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Taiwan minister set for historic visit to China

Taiwan's minister in charge of China affairs said on Tuesday he plans to visit the mainland next month in a landmark trip that marks the first official contact between the two former bitter rivals in six decades.

TAIPEI: Taiwan's minister in charge of China affairs said on Tuesday he plans to visit the mainland next month in a landmark trip that marks the first official contact between the two former bitter rivals in six decades.

Wang Yu-chi, chairman of the Mainland Affairs Council which formulates the island's China policy, is scheduled to fly to the mainland on February 11 to meet with his Chinese counterpart, Zhang Zhijun, China's Taiwan Affairs Office chief.

The meeting in Nanjing in China's eastern Jiangsu province symbolises persistent efforts to normalise relations in recent years after a decades-long freeze.

"The trip has crucial implications for further institutionalisation of the ties between the two sides of the Straits," Wang told a press briefing.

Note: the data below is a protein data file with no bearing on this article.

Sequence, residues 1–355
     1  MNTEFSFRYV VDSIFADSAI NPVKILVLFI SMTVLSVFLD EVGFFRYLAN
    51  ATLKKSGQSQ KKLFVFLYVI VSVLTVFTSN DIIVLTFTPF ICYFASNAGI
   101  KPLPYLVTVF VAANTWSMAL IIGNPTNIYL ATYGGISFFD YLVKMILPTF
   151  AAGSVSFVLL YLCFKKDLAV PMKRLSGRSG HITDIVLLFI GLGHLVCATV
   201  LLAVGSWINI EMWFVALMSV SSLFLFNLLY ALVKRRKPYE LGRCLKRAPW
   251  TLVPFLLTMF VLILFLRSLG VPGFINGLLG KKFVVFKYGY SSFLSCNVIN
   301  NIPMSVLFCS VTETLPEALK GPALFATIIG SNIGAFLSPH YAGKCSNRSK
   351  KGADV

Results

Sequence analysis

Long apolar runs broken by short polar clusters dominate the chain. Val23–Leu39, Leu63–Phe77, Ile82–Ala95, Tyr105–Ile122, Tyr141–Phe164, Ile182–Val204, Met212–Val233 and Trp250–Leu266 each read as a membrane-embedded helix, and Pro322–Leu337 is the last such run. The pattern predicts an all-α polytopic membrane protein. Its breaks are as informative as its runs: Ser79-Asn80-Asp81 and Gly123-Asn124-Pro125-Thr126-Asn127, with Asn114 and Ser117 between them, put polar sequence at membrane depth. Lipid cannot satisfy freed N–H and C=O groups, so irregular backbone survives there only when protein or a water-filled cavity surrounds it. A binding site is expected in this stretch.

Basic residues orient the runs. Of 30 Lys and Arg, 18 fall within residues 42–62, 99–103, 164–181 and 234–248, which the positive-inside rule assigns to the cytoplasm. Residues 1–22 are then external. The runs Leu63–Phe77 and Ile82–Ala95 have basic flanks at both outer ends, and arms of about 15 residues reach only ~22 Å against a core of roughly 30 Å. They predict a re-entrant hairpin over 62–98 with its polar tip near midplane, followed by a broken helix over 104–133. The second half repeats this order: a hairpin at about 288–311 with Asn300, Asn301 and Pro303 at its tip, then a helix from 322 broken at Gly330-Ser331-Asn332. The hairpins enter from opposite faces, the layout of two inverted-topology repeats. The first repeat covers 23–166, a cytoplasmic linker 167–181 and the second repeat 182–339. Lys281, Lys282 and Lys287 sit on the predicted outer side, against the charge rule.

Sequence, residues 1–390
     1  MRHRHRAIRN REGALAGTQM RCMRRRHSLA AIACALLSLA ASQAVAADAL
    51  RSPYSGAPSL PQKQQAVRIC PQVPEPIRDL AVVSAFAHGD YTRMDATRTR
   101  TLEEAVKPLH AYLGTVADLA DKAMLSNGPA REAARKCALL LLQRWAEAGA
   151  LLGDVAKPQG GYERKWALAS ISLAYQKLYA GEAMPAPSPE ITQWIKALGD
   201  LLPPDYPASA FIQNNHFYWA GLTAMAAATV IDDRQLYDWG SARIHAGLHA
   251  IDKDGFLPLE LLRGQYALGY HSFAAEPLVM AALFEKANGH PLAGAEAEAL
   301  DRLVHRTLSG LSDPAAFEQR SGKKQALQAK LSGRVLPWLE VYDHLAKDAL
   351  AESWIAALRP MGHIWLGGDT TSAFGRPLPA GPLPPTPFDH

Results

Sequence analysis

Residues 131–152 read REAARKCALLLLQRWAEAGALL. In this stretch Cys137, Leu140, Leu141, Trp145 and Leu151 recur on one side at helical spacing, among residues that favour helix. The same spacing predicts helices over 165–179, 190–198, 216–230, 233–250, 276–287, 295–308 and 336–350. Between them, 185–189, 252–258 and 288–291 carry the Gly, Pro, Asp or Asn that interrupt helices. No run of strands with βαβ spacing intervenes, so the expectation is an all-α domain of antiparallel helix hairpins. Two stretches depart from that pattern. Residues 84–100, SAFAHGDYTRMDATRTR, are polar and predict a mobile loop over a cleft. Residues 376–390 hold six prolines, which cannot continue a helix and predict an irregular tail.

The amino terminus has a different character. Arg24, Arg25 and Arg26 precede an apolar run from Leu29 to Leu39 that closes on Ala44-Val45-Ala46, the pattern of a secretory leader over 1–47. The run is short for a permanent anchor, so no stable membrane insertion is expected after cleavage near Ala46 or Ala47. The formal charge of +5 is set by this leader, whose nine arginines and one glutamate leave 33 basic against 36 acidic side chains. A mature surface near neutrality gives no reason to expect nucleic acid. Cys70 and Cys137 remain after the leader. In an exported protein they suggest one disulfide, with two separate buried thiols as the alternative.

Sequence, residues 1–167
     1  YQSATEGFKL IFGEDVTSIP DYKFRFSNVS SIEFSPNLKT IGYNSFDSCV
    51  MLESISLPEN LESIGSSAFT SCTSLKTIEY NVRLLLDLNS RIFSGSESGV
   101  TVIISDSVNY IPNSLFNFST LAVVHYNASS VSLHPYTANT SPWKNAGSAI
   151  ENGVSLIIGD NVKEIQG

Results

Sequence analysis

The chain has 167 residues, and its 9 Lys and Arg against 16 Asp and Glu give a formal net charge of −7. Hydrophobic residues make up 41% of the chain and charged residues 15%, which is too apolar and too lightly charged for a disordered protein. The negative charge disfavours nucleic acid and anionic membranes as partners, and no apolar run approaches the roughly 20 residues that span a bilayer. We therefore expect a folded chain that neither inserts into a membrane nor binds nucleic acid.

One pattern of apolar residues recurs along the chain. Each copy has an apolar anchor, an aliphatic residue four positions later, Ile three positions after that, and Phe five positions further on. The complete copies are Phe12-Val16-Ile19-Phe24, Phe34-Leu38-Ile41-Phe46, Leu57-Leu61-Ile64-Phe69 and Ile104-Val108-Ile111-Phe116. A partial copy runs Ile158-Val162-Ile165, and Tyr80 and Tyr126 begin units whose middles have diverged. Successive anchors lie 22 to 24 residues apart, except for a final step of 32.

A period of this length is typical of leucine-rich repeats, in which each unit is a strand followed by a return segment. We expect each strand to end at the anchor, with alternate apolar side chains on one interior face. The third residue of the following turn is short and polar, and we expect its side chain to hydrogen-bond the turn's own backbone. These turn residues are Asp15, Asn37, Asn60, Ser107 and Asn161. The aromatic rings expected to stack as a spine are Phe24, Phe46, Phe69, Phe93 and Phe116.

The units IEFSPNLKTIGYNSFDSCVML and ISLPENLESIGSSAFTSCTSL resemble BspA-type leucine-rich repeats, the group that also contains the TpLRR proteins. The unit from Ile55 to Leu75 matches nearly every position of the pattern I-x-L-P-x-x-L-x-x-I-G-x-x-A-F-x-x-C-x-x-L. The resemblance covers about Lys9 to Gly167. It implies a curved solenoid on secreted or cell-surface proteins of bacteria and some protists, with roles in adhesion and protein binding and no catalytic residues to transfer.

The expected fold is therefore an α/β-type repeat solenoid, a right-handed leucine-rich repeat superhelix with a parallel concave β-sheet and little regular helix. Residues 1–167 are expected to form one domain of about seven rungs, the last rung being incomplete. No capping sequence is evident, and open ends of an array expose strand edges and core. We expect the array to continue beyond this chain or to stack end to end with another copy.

"As the first Mainland Affairs Council chairman to visit the mainland, I feel my responsibility is arduous and the road long."

In June 2010, Taiwan and China signed the landmark Economic Cooperation Framework Agreement, a pact widely characterised as the boldest step yet towards reconciliation since the two were split in 1949 at the end of a civil war.

However, the hard-won trade pact, along with other achievements like direct flights, was the result of negotiations by quasi-official bodies from each side as Taipei and Beijing still had no official contact, despite the fast-warming ties.

Wang will visit the mausoleum of Sun Yat-sen, the founding father of the Republic of China (Taiwan's official title) and deliver a speech at Nanjing University the next day, before proceeding to Shanghai.

Long-frosty relations between Taiwan and its giant neighbour have improved significantly since Ma Ying-jeou of the Beijing-friendly Kuomintang party came to power in 2008. He was re-elected in January 2012.

Since Taiwan's split from China 65 years ago, Beijing has refused to renounce the possibility of using force to take back the island, which it regards as a rebel region awaiting reunification with the mainland.

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